The book by Salvatore Gaspa "Alimenti e pratiche alimentari in Assiria: le materie alimentari nel culto ufficiale dell'Assiria del primo millennio a.C." (History of the Ancient Near East, Monographs 13), Padova 2012: Sargon Editrice e Libreria has just been published.
The book is about foods and food practices which are documented in the Neo-
Assyrian texts (9th-7th cent. BC). The research presents the whole lexicon of
the food substances attested in the cuneiform tablets from the Neo-Assyrian
archives (i.e., cereals and cereal-based products, meat and meat-based dishes,
fish, milk and dairy products, vegetables and fruit, oils, condiments and
sweetening agents, beverages). The main focus of the research is the treatment
of the food substances in the dynamics of the cultic rituals in the period of
the Assyrian empire and the management of the offerings for the official cult
by the central administration of the state. The study presents to the scholar
of Oriental history and to those interested in history of foods and history of
religions a useful tool to understand the role of foods and of the cultic
offerings in the culture of the ancient world's first empire.
Inscriptions in Phrygian and Lydian were unearthed in Daskyleion (North-Western Turkey) and have recently been deciphered by the linguists Alexander Lubotsky and Alwin Kloekhorst. The inscriptions prove that Phrygian and Lydian populations were present in that area. More information here. (G.Torri)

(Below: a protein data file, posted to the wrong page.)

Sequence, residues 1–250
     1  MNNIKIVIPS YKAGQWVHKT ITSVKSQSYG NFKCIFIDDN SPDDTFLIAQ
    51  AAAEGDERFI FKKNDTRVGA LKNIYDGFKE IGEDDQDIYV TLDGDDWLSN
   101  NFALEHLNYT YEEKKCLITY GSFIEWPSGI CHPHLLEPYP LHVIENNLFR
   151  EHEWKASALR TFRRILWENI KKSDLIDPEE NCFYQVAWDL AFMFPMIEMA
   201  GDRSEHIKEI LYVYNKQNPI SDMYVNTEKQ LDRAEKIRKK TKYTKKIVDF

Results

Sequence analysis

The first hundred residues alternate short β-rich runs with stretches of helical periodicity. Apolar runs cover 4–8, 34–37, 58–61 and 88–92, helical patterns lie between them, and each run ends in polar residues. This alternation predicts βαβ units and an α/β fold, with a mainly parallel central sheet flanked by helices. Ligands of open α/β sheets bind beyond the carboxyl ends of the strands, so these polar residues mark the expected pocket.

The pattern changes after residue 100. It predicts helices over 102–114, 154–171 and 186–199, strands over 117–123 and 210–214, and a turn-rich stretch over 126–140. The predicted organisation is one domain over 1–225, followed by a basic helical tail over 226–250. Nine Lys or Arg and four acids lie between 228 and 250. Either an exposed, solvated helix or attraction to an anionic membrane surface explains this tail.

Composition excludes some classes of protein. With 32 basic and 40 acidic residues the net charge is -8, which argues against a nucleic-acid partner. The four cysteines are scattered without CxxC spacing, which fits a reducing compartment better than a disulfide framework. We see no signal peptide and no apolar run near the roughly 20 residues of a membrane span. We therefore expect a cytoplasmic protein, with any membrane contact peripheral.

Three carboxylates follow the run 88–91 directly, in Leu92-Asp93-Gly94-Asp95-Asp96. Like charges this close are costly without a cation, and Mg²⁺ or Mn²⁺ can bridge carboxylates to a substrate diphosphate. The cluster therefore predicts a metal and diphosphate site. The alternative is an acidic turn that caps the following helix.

The Oriental Institute of the University of Chicago has completed almost 40 years of research and published online the final entries of a 2,000-page Demotic dictionary
More information here.
On April 17th starting at 11 a.m. in Scuola Normale Superiore,Contini conference room, Palazzo della Carovana, two seminars will be held:
Laura Montagnaro (IULM Milano) "Teaching and learning writing systems in the
ancient Veneto: epigraphic and archeological records"at 11 a.m.;
Paolo Merlo (Pontificia Università Lateranense, Roma) "The Ugaritic cuneiform alphabet: An example among the alphabetic writing
systems of the II mill. B.C." at 12 p.m.
Live video streaming will be available via http://tv.sns.it starting at 11 a.m.
Excavations conducted by the Università "La Sapienza" in Rome (in cooperation with the Università Cattolica in Milan and with the Università del Salento) in the Tas-Silg sanctuary in Malta, brought to light a 13th-century B.C. Babylonian inscription (a crescent-moon shaped agate stone). The sanctuary was used from the the third millennium B.C. to the first millennium B.C. The inscription has been interpreted and dated by Father Werner Mayer of the Pontifical Biblical Institute in Rome.More information here.
On January 18th, at 6 p.m., a meeting entitled "Qumran: men and stones" will be held in Rome, Chamber of Deputies, Mappamondo Conference room. The meeting will present to a large audience an Italian research project on the archeological findings in the Dead Sea area. The program and invitation can be downloaded.